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Buffered Input, Ignoring Padding.

Sometimes it is desirable to ignore padding (^@ and ^C characters) at the end of a file, but to consider ^@ and ^C characters within the file to be significant. The convention usually used is that ^@ and ^C characters are only padding if they occur as the last few characters in the last word of the file. A ^L character in the last word followed only by ^C's or ^@'s is also to be ignored. Here is a routine which claims to have hit end of file when it reaches the padding.

This routine works by saving the last word of each buffer load to be processed at the front of the next buffer load. That is so that, when we discover end of it is guaranteed that we have not yet processed the last word of the file. So once we KNOW it is the last word, we can look through it for padding and discard what we find.

It is necessary to call the subroutine GETINI before reading the first character of input.

INBFR:  BLOCK INBFL             ;This is the buffer.  40 to 200 is
                                ;good for INBFL (160. to 640. characters).

INCNT:  0                       ;Number of characters left in buffer
                                ;not fetched yet.
INPTR:  0                       ;Byte pointer used for fetching characters

INAHED: 0                       ;Look-ahead word.
                                ;The last word of previous bufferful
                                ;saved for the next bufferful.
INEOF:  0                       ;-1 if this bufferful is the last.

;Read another input character into A.
;Skip if successful.  No skip if EOF.
GETCHR: SOSL INCNT              ;Anything left in the buffer?
         JRST GETCH1            ;Yes => just get it.
        SKIPE INEOF             ;If we discovered last time that there
         POPJ P,                ;is no more, it's eof now.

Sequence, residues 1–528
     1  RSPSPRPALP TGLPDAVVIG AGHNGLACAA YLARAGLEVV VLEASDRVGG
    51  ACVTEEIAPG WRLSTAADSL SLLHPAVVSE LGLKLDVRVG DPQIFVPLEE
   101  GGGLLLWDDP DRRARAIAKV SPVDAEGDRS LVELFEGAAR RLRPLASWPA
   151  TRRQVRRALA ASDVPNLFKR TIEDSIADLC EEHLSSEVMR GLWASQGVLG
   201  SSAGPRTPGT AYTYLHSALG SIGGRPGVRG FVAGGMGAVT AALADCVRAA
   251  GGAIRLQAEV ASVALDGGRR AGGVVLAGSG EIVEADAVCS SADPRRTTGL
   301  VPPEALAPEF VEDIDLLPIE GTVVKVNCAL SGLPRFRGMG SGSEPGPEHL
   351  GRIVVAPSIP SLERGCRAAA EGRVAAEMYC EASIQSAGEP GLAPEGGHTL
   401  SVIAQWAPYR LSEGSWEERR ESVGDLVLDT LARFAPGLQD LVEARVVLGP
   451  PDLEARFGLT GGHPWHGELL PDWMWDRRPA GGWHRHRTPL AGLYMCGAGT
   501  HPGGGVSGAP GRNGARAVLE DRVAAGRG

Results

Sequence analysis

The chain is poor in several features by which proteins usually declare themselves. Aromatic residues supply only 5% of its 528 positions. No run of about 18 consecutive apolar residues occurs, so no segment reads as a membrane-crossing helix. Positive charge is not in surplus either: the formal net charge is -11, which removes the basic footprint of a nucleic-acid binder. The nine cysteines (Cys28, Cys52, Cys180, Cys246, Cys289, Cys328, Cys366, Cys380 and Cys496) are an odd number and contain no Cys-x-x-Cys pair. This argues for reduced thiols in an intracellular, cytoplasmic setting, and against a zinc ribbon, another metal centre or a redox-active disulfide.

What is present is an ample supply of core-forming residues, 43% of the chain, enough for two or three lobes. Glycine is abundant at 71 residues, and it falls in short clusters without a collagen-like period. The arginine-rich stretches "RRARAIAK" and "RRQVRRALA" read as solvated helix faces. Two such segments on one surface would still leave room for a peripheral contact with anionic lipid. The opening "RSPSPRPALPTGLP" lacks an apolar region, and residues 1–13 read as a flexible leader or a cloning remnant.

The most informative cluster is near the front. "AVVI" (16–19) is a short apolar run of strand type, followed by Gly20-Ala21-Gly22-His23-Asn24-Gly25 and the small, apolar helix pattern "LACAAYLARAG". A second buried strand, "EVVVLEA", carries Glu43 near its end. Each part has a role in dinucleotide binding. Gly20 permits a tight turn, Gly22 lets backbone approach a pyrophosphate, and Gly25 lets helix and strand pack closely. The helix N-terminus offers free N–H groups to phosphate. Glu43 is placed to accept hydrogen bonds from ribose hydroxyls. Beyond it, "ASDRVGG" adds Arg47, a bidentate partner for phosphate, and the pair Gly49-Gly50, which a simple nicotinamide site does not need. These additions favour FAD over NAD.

PUSHJ P,GETBUF          ;Fill up the buffer again.

        AOS (P)
        POPJ P,

;Call this to initialize the buffer, before reading the first character.
;This is to ignore the look-ahead word,
;which is garbage the first time around.
        PUSHJ P,GETCHR          ;So just read and throw away
        PUSHJ P,GETCHR          ;the supposed look-ahead chars.
        POPJ P,

        PUSH P,B
        MOVE A,INAHED           ;Our previous look ahead word is now
        MOVEM A,INBFR           ;our first word of input.
        MOVE A,[440700,,INBFR]  ;That's where we should start fetching.
        HRLI A,010700           ;The SIOT should start AFTER that word.
;Note that it is essential that we set up A with
;010700,,INBFR rather than 440700,,INBFR+1
;because of how GETCH4 decrements the byte pointer.
;We are being compatible with SIOT, which also returns
;a byte pointer of the form 010700 rather than 440700.
        MOVEI B,INBFL*5-5       ;from the file, but not that word.
        ;; Do the input.  A says where to put it and B says how many chars.
                        A ? 400000,,B]
         .LOSE %LSFIL
        JUMPE B,GETCH2          ;Didn't get all we asked for =>
         SETOM INEOF            ; this is the last we will get.
        MOVNS B                 ;B is left with number of characters
        ADDI B,INBFL*5          ;we wanted but didn't get.
        MOVEM B,INCNT           ;Compute how many chars we did get.
;We are now certainly at eof, and the last word of the file
;is now in the buffer.
GETCH4: ADD A,[070000,,]        ;Back up to last character.
        JUMPL A,GETCH3          ;When we get to left edge of word,
                                ;we have examined the entire last word,
                                ;so there is no more padding.
        LDB B,A
        CAIE B,^C               ;Any number of ^@ and ^C chars is padding.
         CAIN B,^@
          JRST [ SOS INCNT      ;So officially say it is not there.
                 JRST GETCH4]
        CAIN B,^L               ;A ^L followed by padding is padding
         SOS INCNT              ;but nothing before it is padding.
        JRST GETCH3

;If we did fill the buffer, we must save one word as look-ahead
;for next time.
GETCH2: MOVE A,INBFR+INBFL-1    ;Save the last word we got.
        MOVEI A,INBFL*5-5       ;Don't include those 5 chars
        MOVEM A,INCNT           ;in the count of how many are in the bfr.
        POP P,A
        POPJ P,
Both of these examples are suited to reading input from a disk file. If you are reading input from the terminal, you probably want to do rubout processing for the user's sake. There is a library you can use for this; read the file SYSENG;RUBOUT >.